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Updated: 10 min 29 sec ago

Institute of Transportation Studies Friday Seminar: Safety in Numbers for Walkers and Bicyclists. Why?, Jan 30

10 min 29 sec ago
You are safer when walking or bicycling in areas or time periods where more people walk or bicycle. This surprising result deserves explanation. What changes? Does the motorist's behavior change around more people walking or bicycling? Does the walker's or bicyclist's behavior change? Or is the roadway environment safer where more people walk or bicycle? Or vice versa? We will explore the evidence that addresses these questions. Changes in injury risk over time
periods provides some clues. Observations from psychology give some additional insight. We will end the talk with a discussion of what these findings might mean for public policy and road design.transportation becomes the enabler for a clean grid.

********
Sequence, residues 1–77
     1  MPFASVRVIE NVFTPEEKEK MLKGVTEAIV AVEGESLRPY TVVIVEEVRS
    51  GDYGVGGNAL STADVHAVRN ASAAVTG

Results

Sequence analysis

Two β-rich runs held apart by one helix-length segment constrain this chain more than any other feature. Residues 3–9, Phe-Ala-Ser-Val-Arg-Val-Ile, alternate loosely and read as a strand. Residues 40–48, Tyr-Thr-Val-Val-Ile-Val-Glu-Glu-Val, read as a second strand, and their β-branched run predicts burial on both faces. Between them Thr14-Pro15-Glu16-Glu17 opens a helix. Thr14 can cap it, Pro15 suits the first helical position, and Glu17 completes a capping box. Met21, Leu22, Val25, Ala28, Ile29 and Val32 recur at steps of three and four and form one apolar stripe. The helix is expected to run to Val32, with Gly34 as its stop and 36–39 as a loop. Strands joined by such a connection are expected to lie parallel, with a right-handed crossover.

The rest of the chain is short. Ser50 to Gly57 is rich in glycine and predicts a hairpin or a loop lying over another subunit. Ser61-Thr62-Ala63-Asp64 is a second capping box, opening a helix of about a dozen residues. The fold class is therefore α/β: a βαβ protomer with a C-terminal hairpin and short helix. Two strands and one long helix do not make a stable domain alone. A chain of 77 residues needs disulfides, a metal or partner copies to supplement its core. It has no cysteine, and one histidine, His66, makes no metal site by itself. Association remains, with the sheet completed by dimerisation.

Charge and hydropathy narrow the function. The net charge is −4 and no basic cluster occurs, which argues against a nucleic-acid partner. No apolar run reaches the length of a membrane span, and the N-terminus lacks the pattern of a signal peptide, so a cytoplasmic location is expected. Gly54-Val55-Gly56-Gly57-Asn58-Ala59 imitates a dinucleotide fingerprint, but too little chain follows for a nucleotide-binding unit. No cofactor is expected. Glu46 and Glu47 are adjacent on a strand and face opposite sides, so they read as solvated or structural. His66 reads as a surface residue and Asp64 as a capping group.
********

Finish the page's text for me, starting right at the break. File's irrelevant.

Institute of Transportation Studies Friday Seminar: Clean Transportation as the path to a Clean Grid by Eliminating EV Range Anxiety and Enabling Vehicle-Grid Integration, Jan 23

January 23, 2015 - 11:00pm
Vehicles account for nearly 23% of global energy consumption, and global GHG emissions from vehicles will increase significantly by 2050. Transportation electrification is needed soon and at significant scale to meet climate targets and through the deployment of plug-in electric vehicles (PEVs) a unique opportunity exists to transform two major energy sectors: transportation and the grid. If 25% of light-duty vehicles in the U.S. were plug-in hybrids, nearly 1,000 GWh of grid storage would be available – an unprecedented scale. This grid storage can enable integration of substantial amounts of renewable generation and in this manner, clean